Intercellular Junctions

Some cells, such as blood cells, are separated from each other in fluid-filled spaces (intercellular (incter-selou-lar) spaces). Many other cell types, however, are tightly packed, with structures called intercellular junctions connecting their cell membranes.

In one type of intercellular junction, called a tight junction, the membranes of adjacent cells converge and fuse. The area of fusion surrounds the cell like a belt, and the junction closes the space between the cells. Cells that form sheetlike layers, such as those that line the inside of the digestive tract, often are joined by tight junctions. The linings of tiny blood vessels in the brain are extremely tight (Clinical Application 3.2).

Another type of intercellular junction, called a desmosome, rivets or "spot welds" adjacent skin cells, so they form a reinforced structural unit. The membranes of certain other cells, such as those in heart muscle and muscle of the digestive tract, are interconnected by tubular channels called gap junctions. These channels link the cytoplasm of adjacent cells and allow ions, nutrients intense exercise, it slightly alters the muscle cell membrane's electrical potential. Normally, this slight change would have no effect. In affected horses, however, the change causes sodium channels to open too widely, and admit too much sodium into the cell. The influx of sodium renders the muscle cell unable to respond to nervous stimulation for a short time—but long enough for the racehorse to fall.

Humans can inherit this condition too. In one affected family, several members collapsed after eating bananas! Bananas are very high in potassium, which triggered the symptoms of hyperkalemic periodic paralysis.

Long-QT Syndrome and Potassium Channels

A Norwegian family had four children, all born deaf. Three of the children died at ages four, five, and nine; the fourth so far has been lucky. All of the children inherited from their unaffected "carrier" parents a condition called "long-QT syndrome associated with deafness." They have abnormal potassium channels in the heart muscle and in the inner ear. In the heart, the malfunctioning channels cause fatal arrhythmia. In the inner ear, the abnormal channels alter the concentration of potassium ions in a fluid, impairing hearing.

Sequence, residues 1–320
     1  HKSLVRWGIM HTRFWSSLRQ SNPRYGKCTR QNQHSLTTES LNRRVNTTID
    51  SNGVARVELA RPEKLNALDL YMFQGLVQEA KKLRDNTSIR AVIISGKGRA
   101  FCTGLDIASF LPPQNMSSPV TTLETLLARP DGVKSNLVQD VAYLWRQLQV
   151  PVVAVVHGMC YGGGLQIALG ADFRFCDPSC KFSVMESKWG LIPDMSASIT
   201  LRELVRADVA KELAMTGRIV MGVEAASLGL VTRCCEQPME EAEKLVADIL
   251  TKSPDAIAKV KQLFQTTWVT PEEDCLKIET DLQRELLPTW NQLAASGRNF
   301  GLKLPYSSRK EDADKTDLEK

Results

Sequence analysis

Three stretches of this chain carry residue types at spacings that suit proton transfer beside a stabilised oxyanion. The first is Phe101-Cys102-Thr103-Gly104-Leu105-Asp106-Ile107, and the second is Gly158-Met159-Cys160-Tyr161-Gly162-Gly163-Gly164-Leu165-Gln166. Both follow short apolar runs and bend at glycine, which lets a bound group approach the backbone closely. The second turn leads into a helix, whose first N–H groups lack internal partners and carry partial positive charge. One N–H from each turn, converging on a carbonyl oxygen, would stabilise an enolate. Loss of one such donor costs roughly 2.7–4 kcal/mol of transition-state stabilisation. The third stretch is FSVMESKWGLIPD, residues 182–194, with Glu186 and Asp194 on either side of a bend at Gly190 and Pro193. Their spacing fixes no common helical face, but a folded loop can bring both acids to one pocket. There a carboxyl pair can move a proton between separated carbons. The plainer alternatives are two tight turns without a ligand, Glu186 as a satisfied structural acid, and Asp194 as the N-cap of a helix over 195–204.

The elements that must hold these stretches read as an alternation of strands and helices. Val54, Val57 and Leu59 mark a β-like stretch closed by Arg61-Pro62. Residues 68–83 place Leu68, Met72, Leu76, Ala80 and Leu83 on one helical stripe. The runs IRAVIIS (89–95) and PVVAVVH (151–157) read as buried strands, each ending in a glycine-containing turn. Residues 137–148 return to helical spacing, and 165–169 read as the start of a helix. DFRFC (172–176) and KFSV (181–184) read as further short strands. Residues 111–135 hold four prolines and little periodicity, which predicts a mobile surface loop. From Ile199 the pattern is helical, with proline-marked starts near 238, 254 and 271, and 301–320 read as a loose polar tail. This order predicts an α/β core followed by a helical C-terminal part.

The inherited form of long-QT syndrome in the Norwegian family is extremely rare, but other forms of the condition are more common, causing 50,000 sudden deaths each year, often in apparently healthy children and young adults. Several cases were attributed to an interaction between the antihistamine Seldane (terfenadine) and either an antibiotic (erythromycin) or an antifungal drug (ketoconazole), before Seldane was removed from the market in 1997.

Diagnosing long-QT syndrome early is essential because the first symptom may be fatal. It is usually diagnosed following a sudden death of a relative or detected on a routine examination of the heart's electrical activity (an electrocardiogram, see fig. 15.21). Drugs, pacemakers, and surgery to remove certain nerves can treat the condition and possibly prevent sudden death.

Cystic Fibrosis and Chloride Channels

A seventeenth-century English saying, "A child that is salty to taste will die shortly after birth," described the consequence of abnormal chloride channels in the inherited illness cystic fibrosis (CF). The disorder affects 1 in 2,500 Caucasians, 1 in 14,000 blacks, and 1 in 90,000 Asians, and is inherited from two unaffected parents who are carriers. The major symptoms of impaired breathing, respiratory infections, and a clogged pancreas result from secretion of extremely thick mucus. Affected individuals undergo twice-daily exercise sessions to shake free the sticky mucus and take supplemental digestive enzymes to aid pancreatic function. Strong antibiotics are used to combat their frequent lung infections.

In 1989, researchers identified the microscopic defect that causes CF as abnormal chloride channels in cells lining the lung passageways and ducts in the pancreas. The primary defect in the chloride channels also causes sodium channels to malfunction. The result is salt trapped inside affected cells, which draws moisture in, thickening the surrounding mucus. Several experimental gene therapies attempt to correct affected cells' instructions for building chloride channel proteins. ■

(such as sugars, amino acids, and nucleotides), and other small molecules to move between them (fig. 3.8). Table 3.1 summarizes these intercellular junctions.

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Essentials of Human Physiology

Essentials of Human Physiology

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